The Taskforce on Nature-related Financial Disclosures published its final beta disclosure framework on 28 March 2023. Irina Velkova looks at the framework’s goals, and the implications for financial services firms.

The Taskforce on Nature-related Financial Disclosures (TNFD) has developed a risk management and disclosure framework for organisations to report and act on nature-related risks. It aims to help organisations of every size, across every sector that interacts with nature and participate in global supply chains and the financial system.

What is the TNFD framework?

Encouraging investment towards nature-positive outcomes, the TNFD ultimately aims to tackle nature and biodiversity loss. Disclosure elements will improve transparency and accountability, while creating a comparable framework for companies that legally need to disclose information to regulators or other stakeholders. Most importantly, TNFD will make it easier for investors to identify the companies that align with their values and reduce the risk of greenwashing.

The TNFD framework consists of three elements:

1 A summary of the concepts and definitions that market participants can use to assess and disclose nature-related issues

2 Guidance for financial institutions and corporates to assess nature-related issues and incorporate them into their enterprise strategy and risk management processes – this will help with capital allocation using the LEAP approach

3 The TNFD’s recommended disclosures for nature-related issues

How does the TNFD compare to the Task Force on Climate-related Disclosures?

With comparable themes, language, and structure to the Task Force on Climate-related Financial Disclosures (TCFD), the TNFD framework will feel familiar to the financial sector – albeit with different goals. While the TCFD focuses on the financial impact of climate change, the TNFD looks at the financial impact of nature-related changes and how to direct finances towards nature-positive outcomes.

To encourage early adoption, the TNFD uses the same four disclosures categories as the TCFD, alongside other general cross-cutting general disclosure requirements. It also draws from, and feeds into, pre-existing frameworks, such as the International Sustainability Standards Board (ISSB), the Global Reporting Initiative (GRI) and the European Financial Reporting Advisory Group (EFRAG) among others. Using pre-existing tools, definitions and metrics, the TNFD aims to create a coherent global framework for nature-related risk management and disclosure.

Disclosure recommendations

Overall, TNFD carried over all 11 TCFD Recommended disclosures into the new framework and describes the link between the value chain to nature as: direct operations, upstream, downstream and financed. It has also given additional guidance on the use of scenario analysis, including tools and templates, to inform strategy and improve resilience over key topics that are specific to nature.

The TNFD framework also recommends that corporates applying nature-related targets should use science-based targets such as those created by the cross-sector Science Based Targets Network (SBTN). As best practice, these should include both qualitative and quantitative metrics that align with TNFD and other global policies or approaches, such as the Global Biodiversity Framework’s monitoring framework.


The TNFD disclosures guidelines


Firms must disclose how they are governing nature-related dependencies, risks, impacts, and opportunities.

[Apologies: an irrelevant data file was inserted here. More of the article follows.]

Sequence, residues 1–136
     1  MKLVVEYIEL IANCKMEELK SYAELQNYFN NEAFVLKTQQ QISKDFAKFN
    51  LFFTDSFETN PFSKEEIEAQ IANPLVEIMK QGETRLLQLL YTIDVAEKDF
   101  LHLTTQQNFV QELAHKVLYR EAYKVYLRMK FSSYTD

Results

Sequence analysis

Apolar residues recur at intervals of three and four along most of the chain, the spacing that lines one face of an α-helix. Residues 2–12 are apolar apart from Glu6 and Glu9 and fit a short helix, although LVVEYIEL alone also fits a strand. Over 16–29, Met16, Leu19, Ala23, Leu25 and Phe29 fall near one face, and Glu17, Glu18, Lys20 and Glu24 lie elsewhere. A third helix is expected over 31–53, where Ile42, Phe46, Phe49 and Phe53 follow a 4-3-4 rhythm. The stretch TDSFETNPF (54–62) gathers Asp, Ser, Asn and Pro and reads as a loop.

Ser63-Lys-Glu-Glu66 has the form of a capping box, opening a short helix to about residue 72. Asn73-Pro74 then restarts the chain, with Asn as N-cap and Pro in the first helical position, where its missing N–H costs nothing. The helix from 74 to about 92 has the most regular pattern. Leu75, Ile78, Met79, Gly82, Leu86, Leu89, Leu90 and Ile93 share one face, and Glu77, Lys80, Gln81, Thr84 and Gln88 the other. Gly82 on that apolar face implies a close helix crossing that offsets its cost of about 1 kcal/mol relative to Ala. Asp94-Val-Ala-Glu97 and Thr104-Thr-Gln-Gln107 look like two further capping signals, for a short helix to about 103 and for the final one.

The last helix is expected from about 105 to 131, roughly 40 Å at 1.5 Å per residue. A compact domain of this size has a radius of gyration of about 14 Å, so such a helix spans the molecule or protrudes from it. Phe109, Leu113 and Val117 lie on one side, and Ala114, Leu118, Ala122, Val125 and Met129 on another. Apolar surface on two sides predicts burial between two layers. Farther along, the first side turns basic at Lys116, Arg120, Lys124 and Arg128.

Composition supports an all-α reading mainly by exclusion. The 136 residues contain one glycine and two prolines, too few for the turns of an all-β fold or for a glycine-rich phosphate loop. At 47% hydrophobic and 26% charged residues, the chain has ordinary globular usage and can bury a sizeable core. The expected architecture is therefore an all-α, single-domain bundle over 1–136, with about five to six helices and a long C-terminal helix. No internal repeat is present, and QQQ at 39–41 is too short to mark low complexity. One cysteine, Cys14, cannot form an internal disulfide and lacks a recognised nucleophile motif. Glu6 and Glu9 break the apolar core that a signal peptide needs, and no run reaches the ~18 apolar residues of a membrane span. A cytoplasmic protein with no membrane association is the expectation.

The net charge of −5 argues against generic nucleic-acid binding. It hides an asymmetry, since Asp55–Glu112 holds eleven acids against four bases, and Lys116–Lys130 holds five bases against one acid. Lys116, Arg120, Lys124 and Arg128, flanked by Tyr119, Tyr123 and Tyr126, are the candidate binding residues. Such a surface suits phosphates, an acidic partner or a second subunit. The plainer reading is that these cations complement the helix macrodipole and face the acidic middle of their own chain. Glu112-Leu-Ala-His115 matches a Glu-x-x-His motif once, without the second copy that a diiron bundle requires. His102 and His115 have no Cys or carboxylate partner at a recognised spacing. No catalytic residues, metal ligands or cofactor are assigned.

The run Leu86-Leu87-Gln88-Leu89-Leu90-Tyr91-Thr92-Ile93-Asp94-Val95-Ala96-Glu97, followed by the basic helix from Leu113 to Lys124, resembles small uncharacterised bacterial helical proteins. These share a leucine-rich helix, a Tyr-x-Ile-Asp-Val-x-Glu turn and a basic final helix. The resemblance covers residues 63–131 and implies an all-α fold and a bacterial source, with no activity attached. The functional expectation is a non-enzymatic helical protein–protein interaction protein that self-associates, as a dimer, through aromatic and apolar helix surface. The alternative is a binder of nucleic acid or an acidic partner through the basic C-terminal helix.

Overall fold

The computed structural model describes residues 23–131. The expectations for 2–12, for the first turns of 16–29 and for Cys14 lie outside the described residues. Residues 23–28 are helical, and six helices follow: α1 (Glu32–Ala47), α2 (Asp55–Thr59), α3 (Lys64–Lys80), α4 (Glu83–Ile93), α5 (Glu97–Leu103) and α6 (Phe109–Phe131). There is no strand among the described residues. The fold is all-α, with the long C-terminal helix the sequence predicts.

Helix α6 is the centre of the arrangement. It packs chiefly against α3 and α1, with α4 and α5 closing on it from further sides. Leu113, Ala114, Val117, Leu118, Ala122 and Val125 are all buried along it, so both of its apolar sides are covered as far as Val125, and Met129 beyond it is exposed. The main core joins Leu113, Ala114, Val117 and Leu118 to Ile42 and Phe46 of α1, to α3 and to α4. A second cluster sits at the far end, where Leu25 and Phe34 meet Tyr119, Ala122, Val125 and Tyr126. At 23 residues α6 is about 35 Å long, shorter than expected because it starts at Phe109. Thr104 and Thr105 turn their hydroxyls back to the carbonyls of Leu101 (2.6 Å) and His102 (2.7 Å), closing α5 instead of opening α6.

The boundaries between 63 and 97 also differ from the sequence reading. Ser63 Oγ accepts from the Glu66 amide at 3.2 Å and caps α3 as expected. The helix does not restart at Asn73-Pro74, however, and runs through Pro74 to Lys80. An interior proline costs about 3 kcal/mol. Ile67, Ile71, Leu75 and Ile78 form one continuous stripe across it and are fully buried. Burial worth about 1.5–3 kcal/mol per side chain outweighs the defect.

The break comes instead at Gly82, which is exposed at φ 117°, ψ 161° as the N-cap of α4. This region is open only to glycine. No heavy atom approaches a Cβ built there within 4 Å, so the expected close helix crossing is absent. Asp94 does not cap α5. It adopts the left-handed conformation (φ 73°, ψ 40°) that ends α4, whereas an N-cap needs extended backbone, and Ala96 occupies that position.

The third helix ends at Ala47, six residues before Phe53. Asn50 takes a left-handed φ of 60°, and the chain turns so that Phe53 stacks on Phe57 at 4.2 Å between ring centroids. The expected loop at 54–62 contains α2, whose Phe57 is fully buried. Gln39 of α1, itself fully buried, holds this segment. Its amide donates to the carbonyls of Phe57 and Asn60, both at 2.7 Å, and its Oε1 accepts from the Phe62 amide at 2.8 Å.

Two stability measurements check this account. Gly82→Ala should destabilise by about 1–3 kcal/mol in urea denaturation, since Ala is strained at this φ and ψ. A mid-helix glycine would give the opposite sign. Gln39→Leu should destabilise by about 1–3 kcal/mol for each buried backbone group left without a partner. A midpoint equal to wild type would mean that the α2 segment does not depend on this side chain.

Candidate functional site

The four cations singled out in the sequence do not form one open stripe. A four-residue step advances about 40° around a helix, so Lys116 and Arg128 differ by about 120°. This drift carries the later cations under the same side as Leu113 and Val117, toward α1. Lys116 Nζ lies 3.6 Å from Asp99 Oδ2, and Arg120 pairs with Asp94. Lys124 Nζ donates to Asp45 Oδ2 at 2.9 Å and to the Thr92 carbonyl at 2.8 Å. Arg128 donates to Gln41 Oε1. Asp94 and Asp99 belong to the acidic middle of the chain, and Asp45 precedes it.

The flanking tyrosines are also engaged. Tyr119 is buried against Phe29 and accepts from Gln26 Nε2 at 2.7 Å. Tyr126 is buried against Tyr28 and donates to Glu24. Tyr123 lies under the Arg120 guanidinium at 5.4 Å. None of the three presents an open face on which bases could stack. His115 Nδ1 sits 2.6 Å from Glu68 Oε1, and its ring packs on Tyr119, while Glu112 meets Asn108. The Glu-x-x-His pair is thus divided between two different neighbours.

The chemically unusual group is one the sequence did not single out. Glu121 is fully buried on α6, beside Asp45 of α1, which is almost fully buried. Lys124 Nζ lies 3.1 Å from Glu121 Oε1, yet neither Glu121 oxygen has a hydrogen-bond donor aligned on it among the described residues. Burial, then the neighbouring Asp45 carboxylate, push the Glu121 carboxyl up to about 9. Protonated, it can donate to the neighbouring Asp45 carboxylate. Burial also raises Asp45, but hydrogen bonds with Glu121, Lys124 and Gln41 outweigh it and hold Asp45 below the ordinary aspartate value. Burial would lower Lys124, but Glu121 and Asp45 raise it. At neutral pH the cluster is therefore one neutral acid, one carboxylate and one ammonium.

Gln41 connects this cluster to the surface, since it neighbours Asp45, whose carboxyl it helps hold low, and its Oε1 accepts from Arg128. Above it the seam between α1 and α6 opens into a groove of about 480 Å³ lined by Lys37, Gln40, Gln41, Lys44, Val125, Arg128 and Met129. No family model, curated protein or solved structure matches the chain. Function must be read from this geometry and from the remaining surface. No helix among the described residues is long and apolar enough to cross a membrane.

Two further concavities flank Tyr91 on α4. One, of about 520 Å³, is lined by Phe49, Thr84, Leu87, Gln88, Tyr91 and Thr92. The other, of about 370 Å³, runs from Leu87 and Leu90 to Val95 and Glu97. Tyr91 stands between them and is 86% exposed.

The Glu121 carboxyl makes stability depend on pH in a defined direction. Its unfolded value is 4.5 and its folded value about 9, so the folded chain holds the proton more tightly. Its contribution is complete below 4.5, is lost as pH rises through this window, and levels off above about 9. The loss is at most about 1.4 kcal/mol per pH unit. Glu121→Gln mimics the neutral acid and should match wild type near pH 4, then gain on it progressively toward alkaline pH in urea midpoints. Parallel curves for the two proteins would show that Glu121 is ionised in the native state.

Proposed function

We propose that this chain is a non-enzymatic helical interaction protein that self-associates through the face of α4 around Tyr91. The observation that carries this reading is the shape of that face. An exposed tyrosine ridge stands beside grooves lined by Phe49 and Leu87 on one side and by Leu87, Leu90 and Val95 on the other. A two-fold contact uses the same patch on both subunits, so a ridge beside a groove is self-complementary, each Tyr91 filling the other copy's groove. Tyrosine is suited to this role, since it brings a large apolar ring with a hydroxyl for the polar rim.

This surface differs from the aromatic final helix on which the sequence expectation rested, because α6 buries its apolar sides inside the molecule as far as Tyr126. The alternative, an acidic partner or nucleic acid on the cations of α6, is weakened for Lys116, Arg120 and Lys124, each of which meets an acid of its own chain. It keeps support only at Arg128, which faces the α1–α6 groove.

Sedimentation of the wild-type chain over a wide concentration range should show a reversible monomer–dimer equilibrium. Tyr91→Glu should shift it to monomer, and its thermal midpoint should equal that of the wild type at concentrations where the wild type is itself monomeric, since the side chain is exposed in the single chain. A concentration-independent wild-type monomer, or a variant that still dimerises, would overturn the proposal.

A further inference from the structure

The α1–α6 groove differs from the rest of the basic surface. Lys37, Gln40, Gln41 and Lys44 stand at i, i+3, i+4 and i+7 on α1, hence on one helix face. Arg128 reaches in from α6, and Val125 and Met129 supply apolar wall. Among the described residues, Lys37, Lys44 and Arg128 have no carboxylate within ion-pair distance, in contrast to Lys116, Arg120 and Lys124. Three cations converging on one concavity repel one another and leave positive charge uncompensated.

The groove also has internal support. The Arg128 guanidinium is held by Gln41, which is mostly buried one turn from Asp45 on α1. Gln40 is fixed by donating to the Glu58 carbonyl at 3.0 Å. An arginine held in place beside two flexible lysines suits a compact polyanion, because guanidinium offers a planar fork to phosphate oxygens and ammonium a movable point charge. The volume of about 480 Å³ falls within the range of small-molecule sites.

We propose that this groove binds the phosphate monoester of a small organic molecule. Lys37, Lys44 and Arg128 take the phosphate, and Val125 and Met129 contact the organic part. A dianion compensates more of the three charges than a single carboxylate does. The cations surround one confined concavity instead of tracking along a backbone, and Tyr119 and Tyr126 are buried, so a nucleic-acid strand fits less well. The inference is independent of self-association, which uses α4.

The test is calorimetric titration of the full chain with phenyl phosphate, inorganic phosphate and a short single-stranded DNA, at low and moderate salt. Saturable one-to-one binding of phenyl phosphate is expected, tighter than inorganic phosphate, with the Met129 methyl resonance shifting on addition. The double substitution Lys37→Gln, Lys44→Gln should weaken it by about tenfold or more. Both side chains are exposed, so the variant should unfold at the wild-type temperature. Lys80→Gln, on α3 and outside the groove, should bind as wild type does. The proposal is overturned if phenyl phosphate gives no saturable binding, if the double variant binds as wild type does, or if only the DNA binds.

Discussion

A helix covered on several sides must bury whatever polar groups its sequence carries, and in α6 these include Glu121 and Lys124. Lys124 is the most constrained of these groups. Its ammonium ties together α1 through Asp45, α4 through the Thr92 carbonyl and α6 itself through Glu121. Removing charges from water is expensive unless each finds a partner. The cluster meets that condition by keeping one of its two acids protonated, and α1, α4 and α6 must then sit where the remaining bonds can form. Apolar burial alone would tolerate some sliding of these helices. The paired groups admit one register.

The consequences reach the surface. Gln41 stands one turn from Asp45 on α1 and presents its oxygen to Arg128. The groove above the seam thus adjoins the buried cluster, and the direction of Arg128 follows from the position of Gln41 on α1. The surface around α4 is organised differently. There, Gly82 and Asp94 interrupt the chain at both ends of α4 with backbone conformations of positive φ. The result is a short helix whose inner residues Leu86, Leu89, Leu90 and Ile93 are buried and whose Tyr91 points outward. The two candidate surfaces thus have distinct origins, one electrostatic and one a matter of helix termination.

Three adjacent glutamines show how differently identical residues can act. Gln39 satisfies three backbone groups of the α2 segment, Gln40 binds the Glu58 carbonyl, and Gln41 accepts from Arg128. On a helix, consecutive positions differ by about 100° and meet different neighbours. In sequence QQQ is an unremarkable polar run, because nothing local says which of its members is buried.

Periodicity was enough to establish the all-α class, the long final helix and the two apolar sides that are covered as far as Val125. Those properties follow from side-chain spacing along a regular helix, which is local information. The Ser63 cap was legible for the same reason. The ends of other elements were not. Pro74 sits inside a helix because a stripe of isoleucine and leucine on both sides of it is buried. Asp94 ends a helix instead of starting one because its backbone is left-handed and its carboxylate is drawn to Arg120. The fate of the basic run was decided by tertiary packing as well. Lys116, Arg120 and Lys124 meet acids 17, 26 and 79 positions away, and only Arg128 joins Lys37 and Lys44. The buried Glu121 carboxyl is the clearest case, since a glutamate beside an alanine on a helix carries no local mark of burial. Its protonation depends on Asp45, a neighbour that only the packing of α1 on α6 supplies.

Recommended disclosures include descriptions of how the board and management oversee risks, opportunities and impacts relating to nature-related dependencies.


Firms must disclose risks and opportunities relating to nature-related dependencies, and how they materially affect the strategy, business and financial planning.  

Recommended disclosures include descriptions of the above in the short, medium and long-term; their effect on strategy, business and financial planning; notes on strategic resilience regarding nature-related dependencies; any specific activities or assets that are in priority areas.

Risk and impact management

Firms must disclose how to they identify, assess and manage nature-related dependencies, risks, impacts and opportunities.  

Recommended disclosures include:

  • Processes to identify and assess the impact of the above on direct operations, the wider value-chain and any financed activities or assets

  • Actions the firm has taken to manage the above

  • How nature-related risk and impact management is integrated into the wider risk management approach

  • Details of how affected stakeholders help assess and manage nature-related dependencies risks, opportunities, dependencies and impacts

Metrics and targets

Firms must disclose their metrics and targets used to assess material nature-related dependencies, risks, opportunities and impacts.

Recommended disclosures include the metrics used to review and manage nature-related risks and opportunities for the firm, and its impacts on nature. Firms must also describe the targets and goals used, and their performance against them.

Adopting the framework

The TNFD’s recent publication is the fourth and final beta version of the Nature-Related Risk and Opportunity Management and Disclosure Framework. The framework will be issued formally for market adoption in September 2023. Participation is voluntary, but the TCFD was also initially voluntary, and has since been made mandatory in the UK as key element of the disclosure landscape. Early adoption will help firms support good nature-related outcomes, meet stakeholder expectations, and stay ahead of regulatory compliance.

For more insight and guidance, get in touch with Irina Velkova.

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